Many Atlantans know of the Krog Street Tunnel, but what lies just beyond there? On the other side of the tracks sits the oddly named Cabbagetown neighborhood, born from the ashes of the Civil War. The Fulton Bag and Cotton Mill — one of the first textile processing mills in the South when it opened in 1881 — replaced a destroyed mill east of downtown and was founded by Jacob Elsas, who later helped establish the residential district that sprung up around it for the laborers that worked at the mill.
After the mill closed in the late 1970s, the neighborhood declined but was soon revived as an artsy, progressive area with notable residents such as photographer Raymond “Panorama Ray” Herbert. This eclectic spirit can still be found today in Cabbagetown’s numerous events and an ongoing mural wall. The Mill was converted into lofts in the 1990s and has survived multiple disasters, including the 2008 tornado that ripped through the city’s core. (It also makes a cameo in season 1 of Netflix’s Queer Eye reboot.) In recent years, the BeltLine Eastside Trail has expanded into neighboring Reynoldstown, so Cabbagetown is just a short bike ride away from the other Eastside neighborhoods.
“OK, but what about the name?” you ask. There are several theories on where the cabbage in Cabbagetown came from. One theory comes from the cabbages sold by local produce vendors in the early years of the settlement. Another theory attributes the name to the smell of cabbages coming from resident’s gardens. The final explanation involves a train or car accident that spilled cabbages onto the streets. However the name came to be, it’s a point of pride for residents and a bit of quirky trivia for the rest of us.
What can I do for fun in Cabbagetown?
Chill with chili at Chomp and Stomp. The neighborhood’s long-running annual festival takes over the streets every November with rows and rows of homemade chili, live music, and a 5K race around the area. (This year’s festival will be held on Saturday, November 4, 2023.) Chili booths serve a mix of local restaurant concoctions and spirited independent chefs with stations themed after everything from Breaking Bad to NASCAR. Just $15 gets you an official spoon with unlimited tastings, and the funds go to improve the neighborhood. You can also grab plenty of beer and locally made art from various vendors in the neighborhood during the festival.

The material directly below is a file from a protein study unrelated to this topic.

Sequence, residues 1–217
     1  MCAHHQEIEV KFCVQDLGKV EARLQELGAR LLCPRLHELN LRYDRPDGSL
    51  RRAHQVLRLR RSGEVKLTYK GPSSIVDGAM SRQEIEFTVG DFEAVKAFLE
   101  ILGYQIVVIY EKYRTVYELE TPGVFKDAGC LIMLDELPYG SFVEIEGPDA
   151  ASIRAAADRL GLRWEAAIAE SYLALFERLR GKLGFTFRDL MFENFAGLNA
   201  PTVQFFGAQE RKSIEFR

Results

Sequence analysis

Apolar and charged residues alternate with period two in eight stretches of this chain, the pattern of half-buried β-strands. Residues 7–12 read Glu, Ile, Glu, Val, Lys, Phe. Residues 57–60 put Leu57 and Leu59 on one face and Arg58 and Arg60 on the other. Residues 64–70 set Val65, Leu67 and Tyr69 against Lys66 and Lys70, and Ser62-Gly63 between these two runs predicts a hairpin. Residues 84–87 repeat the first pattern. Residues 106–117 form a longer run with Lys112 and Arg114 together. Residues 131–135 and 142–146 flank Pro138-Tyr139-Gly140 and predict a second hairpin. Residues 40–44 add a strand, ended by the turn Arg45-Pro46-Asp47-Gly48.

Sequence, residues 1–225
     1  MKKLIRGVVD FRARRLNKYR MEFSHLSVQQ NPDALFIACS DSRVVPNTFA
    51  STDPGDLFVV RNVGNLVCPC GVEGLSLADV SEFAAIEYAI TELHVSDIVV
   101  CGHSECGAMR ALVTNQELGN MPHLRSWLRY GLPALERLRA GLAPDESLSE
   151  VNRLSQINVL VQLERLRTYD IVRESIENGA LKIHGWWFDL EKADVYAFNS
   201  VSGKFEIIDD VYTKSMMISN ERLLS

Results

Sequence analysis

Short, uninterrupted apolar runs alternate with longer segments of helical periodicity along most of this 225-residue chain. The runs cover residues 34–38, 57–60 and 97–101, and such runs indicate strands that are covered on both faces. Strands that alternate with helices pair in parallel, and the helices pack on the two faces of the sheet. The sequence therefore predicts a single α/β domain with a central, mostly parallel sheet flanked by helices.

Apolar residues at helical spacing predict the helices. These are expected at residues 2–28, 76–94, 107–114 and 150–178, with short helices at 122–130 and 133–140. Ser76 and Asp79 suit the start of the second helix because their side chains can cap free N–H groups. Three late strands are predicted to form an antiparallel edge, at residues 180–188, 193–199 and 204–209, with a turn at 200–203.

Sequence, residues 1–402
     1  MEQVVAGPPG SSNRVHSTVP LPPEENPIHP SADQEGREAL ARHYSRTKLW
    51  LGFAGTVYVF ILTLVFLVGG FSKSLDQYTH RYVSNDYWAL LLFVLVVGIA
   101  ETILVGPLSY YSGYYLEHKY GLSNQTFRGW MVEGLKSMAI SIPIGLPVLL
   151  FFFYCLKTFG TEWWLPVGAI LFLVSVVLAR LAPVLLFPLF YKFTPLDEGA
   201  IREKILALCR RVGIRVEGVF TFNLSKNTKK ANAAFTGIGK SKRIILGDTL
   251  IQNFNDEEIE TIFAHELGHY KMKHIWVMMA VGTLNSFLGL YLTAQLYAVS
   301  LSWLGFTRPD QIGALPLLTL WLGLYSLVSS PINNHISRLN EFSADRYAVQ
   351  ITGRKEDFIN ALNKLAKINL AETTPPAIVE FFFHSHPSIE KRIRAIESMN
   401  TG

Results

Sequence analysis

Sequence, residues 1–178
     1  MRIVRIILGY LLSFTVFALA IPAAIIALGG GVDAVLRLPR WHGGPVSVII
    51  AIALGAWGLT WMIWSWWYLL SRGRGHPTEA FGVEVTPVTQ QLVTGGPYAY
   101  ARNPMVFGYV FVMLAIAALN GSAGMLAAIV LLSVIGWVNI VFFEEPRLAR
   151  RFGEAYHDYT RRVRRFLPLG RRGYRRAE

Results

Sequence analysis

See some street art. The Krog Street Tunnel that connects Inman Park and Cabbagetown is infamous for its extensive graffiti art that is constantly being refreshed. While some organizations have tried to set up events in the Tunnel in the past, it’s open to viewers and artists alike 24/7. Just to the west of Krog Street, along the tall concrete barriers that separate the rail yard and MARTA tracks are several blocks of custom murals by local artists. Many of these were designed as part of the Forward Warrior annual art event. If you happen to be in the area next fall, swing by and watch these gorgeous works of art be designed in real time!
Where are the best places to eat and drink in Cabbagetown?
Every neighborhood needs a relaxing pub, and for Cabbagetown, 97 Estoria’s prominent location by the Krog Street Tunnel makes it a great pit stop or weeknight hangout. Grab some wings, a burger, or a local brew and relax on their expansive patio. The bar also has ample bike parking and hosts trivia nights. Check social media for more details.
Location: 727 Wylie Street SE; Hours: Every day, noon to midnight; Website: estoriabar.com
Little’s Food Store
In business since 1929, this unassuming little market on Carroll Street is a neighborhood staple for beer and snacks. But you might not realize they also have one of the best “bang for your buck” burgers in the city. Grab a savory fresh prime-cut beef burger with American cheese and grilled onions, and top it off with bacon or avocado the next time you’re walking through the neighborhood. They also offer hot dogs and sandwiches if you need something less savory. But trust us, it’s worth it.
Location: 198 Carroll Street; Hours: Monday through Friday, 10 a.m. to 9 p.m.; Saturday and Sunday: 10 a.m. to 10 p.m.; Website: littlesfoodstore.com
Started by couple Jen and Emily Chan, JenChan’s food is as much of a mashup as their name is. Just a few doors down Carroll Street, this restaurant is serving a mix of Asian fusion, pizza, pastries, and whatever other concoctions they can imagine. Dishes include sesame street fries bathed in gochujang, a Mongolian beef cheesesteak, chicken parmesan in noodle form, classic Taco Bell dishes reimagined, and a Vietnamese pork pizza. Their pizzas are packed with flavor and creativity at affordable prices. And JenChan’s also offers weekly supper club dishes available for pickup.
Location: 186 Carroll Street; Hours: Tuesday through Saturday, 11 a.m. to 10 p.m., Sundays, 11 a.m. to 9 p.m.; Website: jenchans.com
Are you craving French cuisine but don’t want to go to a fancy fine-dining establishment? Petit Chou’s casual bistro is the place for you. Their everyday breakfast menu covers the classic eggs benedict and croque monsieur, but also sweet confections like liege waffles covered in syrup and cinnamon-vanilla cream or a crème brulée French toast loaded with heavy cream, Combier, fruit, and pecans. Grab a cup of Perc coffee for that true Parisian café vibe. Their dinner menu (served Thursday through Saturday) offers escargot, soups, and heftier plates such as duck, salmon, and braised beef.
Location: 662 Memorial Drive; Hours: Every day, 9 a.m. to 2:30 p.m.; Dinner Thursday through Saturday, 5 p.m. to 9:30 p.m.; Website: petitchouatl.com